What would it mean, for instance, to write a Native music history of the American west? Alongside the Plateros, it could include Apache fiddles, and the Navajo heavy metal band Ethnic De Generation, who (on the soundtrack for the film _Milepost 398_) have sung powerfully about reservation realities like uranium mining. These artists basically make it impossible to sustain ideologies of American exceptionalism, manifest destiny, and vanishing races. They show how different, quintessentially “American” (or even “black”) forms can be indigenized, and used for Native self-expression and continuance.

Lindy Hensley's picture

NAMMYs

It’s an interesting post, Jonathan, and one I also think about. In April 2011, the GRAMMYs, through a restructuring, eliminated the Native Music category, folding it in with the more general “Regional Roots” group. However, it is interesting to note that a similar award show has been slowly gaining momentum. The Native American Music Awards (NAMMYs) was founded in 1998. It is the music industry’s largest and only membership-based organization and award show for the advancement of Native American, Canadian Aboriginal, and Latin American Indigenous music initiatives and expressions worldwide. There are a variety of contemporary categories, including Rock, Country, Folk, Jazz, etc. The winners of each category for the year 2011 were chosen by over a million Internet voters. The mechanisms of exposing these songs/lyrics to a broader audience of Pan-Indigenous peoples by way of the NAMMYs website is another avenue Indigenous cultures are connecting a worldwide conversation. I wonder: Is the Internet the new campfire?

Jonathan Hill's picture

Re: NAMMYS

Linda,

This is great and right on time! The organization is bringing more attention to artists and the range of expressions, absolutely! They are also doing a kind of reclamation of artists who are of Native descent, or went undetected in the industry in the past, which has brought some new considerations to the framing of music histories and sounds.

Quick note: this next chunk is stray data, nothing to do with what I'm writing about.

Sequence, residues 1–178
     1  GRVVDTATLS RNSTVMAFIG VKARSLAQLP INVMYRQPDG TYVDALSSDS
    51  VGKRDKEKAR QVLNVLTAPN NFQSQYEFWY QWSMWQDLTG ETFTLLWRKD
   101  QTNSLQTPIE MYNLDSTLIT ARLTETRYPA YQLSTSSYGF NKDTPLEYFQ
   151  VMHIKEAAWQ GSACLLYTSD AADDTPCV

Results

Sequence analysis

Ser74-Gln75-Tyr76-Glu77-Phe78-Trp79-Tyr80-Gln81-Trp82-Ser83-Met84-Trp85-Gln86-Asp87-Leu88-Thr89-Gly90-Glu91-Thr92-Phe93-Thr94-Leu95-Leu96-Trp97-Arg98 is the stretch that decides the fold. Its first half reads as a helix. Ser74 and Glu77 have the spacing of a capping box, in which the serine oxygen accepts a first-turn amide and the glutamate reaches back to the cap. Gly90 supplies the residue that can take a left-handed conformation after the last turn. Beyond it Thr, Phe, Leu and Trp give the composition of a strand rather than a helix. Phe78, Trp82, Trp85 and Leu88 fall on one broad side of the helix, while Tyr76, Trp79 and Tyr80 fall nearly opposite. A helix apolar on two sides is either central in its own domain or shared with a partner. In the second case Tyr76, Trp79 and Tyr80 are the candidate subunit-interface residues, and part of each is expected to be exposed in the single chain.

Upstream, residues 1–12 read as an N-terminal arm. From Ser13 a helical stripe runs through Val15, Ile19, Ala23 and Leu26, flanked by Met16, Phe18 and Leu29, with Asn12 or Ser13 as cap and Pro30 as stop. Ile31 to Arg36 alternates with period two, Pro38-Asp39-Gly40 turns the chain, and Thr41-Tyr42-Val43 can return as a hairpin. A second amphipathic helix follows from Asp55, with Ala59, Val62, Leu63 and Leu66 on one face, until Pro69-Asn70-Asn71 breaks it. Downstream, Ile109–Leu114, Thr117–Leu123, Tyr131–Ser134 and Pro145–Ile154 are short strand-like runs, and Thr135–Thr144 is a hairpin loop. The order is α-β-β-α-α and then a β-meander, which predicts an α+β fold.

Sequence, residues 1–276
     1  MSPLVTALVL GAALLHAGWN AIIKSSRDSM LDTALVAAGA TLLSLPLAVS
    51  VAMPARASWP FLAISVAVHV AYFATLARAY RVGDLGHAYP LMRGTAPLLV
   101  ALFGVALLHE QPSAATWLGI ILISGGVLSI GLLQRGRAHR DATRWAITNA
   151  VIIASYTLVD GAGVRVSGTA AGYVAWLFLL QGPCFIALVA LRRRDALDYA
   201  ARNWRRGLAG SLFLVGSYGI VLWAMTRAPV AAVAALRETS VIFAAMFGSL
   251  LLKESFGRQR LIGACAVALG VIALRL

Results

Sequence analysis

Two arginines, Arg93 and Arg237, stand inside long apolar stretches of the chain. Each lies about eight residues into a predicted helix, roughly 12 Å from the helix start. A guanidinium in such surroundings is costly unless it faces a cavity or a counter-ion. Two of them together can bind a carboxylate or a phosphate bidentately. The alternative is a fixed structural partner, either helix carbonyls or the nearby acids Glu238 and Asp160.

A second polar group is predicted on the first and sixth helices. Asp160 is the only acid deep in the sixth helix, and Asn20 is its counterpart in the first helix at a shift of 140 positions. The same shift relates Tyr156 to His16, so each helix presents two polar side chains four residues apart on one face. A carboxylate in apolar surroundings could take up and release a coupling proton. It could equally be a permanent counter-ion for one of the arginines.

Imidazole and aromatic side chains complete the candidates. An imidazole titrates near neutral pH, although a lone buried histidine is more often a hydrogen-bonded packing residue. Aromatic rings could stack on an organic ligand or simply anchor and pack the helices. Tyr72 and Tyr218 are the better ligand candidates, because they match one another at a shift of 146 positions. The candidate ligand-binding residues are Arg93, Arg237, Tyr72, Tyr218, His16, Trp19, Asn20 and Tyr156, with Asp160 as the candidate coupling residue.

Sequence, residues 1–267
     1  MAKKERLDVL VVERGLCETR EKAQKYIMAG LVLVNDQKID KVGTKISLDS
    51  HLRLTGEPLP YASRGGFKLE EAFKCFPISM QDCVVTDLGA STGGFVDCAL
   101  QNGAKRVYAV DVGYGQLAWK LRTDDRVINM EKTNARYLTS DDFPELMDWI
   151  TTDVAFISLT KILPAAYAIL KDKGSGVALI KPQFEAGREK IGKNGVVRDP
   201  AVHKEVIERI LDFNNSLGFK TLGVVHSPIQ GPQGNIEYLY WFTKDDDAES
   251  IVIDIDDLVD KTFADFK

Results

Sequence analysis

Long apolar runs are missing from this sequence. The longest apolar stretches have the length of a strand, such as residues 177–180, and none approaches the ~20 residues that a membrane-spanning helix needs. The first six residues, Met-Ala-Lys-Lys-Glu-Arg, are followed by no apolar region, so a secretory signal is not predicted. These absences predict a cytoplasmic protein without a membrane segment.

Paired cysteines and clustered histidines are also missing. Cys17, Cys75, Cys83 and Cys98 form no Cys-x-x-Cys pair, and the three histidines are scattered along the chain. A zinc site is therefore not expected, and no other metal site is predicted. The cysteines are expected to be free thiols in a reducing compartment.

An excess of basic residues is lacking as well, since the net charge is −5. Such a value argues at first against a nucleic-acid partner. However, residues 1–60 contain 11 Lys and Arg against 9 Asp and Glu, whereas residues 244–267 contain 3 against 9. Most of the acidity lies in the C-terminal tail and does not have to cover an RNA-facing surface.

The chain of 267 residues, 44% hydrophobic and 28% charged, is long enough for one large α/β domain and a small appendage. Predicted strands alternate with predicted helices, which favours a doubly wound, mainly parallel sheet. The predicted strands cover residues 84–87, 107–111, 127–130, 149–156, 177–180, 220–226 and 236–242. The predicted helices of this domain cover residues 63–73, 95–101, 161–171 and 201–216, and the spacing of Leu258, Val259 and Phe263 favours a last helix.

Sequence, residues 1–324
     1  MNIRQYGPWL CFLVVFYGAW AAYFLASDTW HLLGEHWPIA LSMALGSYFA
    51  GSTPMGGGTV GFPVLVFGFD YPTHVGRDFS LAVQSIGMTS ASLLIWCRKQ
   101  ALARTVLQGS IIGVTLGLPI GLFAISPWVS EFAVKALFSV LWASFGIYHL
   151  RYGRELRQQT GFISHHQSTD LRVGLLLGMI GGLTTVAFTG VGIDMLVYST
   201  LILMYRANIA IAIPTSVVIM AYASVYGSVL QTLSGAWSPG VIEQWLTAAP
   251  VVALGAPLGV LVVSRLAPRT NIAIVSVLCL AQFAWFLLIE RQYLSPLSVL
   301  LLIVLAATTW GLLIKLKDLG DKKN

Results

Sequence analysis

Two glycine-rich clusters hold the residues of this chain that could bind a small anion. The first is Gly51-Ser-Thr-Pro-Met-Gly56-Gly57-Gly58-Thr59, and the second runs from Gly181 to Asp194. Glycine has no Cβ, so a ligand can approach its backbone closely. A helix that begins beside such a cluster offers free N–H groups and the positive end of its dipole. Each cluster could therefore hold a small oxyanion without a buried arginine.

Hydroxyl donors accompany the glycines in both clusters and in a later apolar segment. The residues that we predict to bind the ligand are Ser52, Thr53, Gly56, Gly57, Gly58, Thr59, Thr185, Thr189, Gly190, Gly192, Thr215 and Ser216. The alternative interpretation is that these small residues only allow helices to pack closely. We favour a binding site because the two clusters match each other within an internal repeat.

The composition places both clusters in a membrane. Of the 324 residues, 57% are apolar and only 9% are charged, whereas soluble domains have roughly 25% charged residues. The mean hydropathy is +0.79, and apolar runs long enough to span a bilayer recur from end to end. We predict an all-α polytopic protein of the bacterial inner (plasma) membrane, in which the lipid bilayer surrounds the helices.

I have talked with the organization’s head, Ellen Bello (who had her home and NAMA’s headquarters destroyed by Hurricane Sandy) about the integration of artists and sounds who not perceived as Native into their Hall of Fame. She went on to explain that they research personal histories and have extensive archives on these artists documenting their experiences as Native people, and the impacts on their music. This is done in the interest of legitimizing an artist’s status and broadening the history about the production of music.

For me, it would be great if these narratives and archives became a part of the dominant narrative and how it might impact market driven and racialized expectations about the production of popular music. Will Rock n’ Roll finally see the Native component in its formation and production? Will the experiences of Native descent people in the “Jim Crow” South and their participation in tent revivals be included in narratives about rock in roll? Would we be able to mark sounds with a different framing of “origins,” collaborations, and exchange? Will other Native musicians who are a part of the organization choose to recognize experiences and histories of other people that do not mirror their own, as in the case of the Plateros and Hendrix? I hope so and hope that the NAMMY’s will be a part of this process!